UMEM Educational Pearls

Category: Misc

Title: Changes to the educational list format

Keywords: administrative, notice, admin, tech (PubMed Search)

Posted: 10/4/2007 by Dan Lemkin, MD (Updated: 8/25/2019)
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I have made some improvements to the educational pearl interface. This required recoding several sections to change the text formatting from plain text to html...

Why do you care?

Well, many email clients will block html, or messages that have lots of capitals, decorations, etc...

Our first priority is to get you the information and beat anti-spam auto-filtering. If you notice that you are not getting the educational emails. 
If it still doesn't work, send me an email. If many people are having problems, I will revert to the old system of text entry... But if this works, hopefully it will make the messages easier to read.
Notes to authors
  • Do not use a lot of colors like this post
  • Do not use allcaps, lots of bolding, etc...
thanks
dan

Category: Toxicology

Title: Rubbing Alcohol - Dangerous?

Keywords: Isopropanol, toxic alcohol, poisoning (PubMed Search)

Posted: 10/4/2007 by Fermin Barrueto, MD (Updated: 8/25/2019)
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Isopropanol (Commonly Rubbing Alcohol)
  • Rubbing alcohol is 70% isopropanol, like drinking Bacardi 151 (151 proof)
  • This is NOT a toxic alcohol in the traditional sense
  • This causes a large ketosis, large osmol gap but NO anion gap and no acidosis
  • This is because isopropanol is metabolized to acetone (a ketone) not an acid
  • Toxicity: inebriation, hemorrhagic gastritis, sedation to the point of death/intubation

Category: Neurology

Title: Horner's Syndrome

Keywords: Horner's, Horner's Syndrome, Infarction (PubMed Search)

Posted: 10/3/2007 by Aisha Liferidge, MD (Updated: 8/25/2019)
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Horner's Syndrome Deficit in descending sympathetic pathways Miosis + Ptosis + Anhidrosis Associated with lateral medullary infarctions, which are caused by disrupted flow to the posterior inferior cerebral artery (PCA) (i.e. Wallenberg Syndrome)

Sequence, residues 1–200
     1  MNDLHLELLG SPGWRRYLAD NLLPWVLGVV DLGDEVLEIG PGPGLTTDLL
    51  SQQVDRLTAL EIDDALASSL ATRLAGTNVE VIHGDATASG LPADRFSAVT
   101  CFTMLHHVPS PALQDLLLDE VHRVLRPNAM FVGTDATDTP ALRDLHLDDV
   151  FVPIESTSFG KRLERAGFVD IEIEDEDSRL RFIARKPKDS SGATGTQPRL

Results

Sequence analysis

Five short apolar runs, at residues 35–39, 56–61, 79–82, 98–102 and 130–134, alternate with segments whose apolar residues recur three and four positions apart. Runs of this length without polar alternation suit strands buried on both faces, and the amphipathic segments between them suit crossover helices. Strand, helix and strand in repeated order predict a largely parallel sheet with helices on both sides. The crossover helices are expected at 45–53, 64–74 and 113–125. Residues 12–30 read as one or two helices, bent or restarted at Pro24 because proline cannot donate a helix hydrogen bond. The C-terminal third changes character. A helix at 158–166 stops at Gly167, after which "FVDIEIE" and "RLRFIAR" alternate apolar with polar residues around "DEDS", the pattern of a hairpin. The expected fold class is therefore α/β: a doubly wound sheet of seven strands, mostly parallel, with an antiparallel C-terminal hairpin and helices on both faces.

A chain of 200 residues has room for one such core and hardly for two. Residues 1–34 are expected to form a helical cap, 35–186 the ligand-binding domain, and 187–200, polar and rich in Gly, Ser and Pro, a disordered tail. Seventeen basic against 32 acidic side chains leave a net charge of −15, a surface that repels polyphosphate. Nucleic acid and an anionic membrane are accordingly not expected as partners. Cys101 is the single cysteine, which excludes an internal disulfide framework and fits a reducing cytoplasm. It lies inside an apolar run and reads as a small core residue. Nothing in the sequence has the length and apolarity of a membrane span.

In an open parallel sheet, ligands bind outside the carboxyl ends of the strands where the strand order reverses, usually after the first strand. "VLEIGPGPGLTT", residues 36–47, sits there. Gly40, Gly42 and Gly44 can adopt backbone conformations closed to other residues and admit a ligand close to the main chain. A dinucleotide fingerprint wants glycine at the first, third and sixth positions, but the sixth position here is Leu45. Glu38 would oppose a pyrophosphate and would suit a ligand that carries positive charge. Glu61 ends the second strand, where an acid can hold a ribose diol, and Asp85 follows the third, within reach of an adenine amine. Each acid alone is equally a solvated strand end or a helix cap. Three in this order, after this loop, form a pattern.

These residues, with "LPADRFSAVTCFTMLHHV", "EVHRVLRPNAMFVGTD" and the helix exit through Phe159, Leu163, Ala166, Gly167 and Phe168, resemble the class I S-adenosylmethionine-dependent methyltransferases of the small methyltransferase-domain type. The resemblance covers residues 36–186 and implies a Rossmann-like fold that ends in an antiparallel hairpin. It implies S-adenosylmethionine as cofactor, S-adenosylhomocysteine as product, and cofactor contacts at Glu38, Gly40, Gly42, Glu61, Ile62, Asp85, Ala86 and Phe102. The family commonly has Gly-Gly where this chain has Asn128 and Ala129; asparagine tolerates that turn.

Category: Critical Care

Title: Disseminated Intravascular Coagulation

Keywords: DIC, sepsis, heparin (PubMed Search)

Posted: 10/2/2007 by Mike Winters, MD (Updated: 8/25/2019)
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DIC is the simultaneous occurrence of widespread (micro) vascular thrombosis, leading to compromised blood supply to vital organs Although major bleeding can be seen in some, the more common complication of DIC is organ failure DIC is not a disease itself but secondary to an underlying disorder Sepsis, solid and hematologic malignancies, severe trauma, and obstetrical emergencies (amniotic fluid embolism, abruption) are the most common disorders associated with DIC A prospectively validated scoring system (Toh CH, et al. J Thromb Haemost 2007;5:604-6.) is used for diagnosis and is comprised of platelet count, fibrin split products, PT, and fibrinogen level The key to treating DIC is vigorous treatment of the underlying disorder Platelet transfusion is generally only given for patients with major bleeding (i.e. intracranial) with platelets counts < 50 k

Category: Vascular

Title: Thoracic Aortic Aneurysm Size

Keywords: aneurysm (PubMed Search)

Posted: 10/1/2007 by Rob Rogers, MD (Updated: 8/25/2019)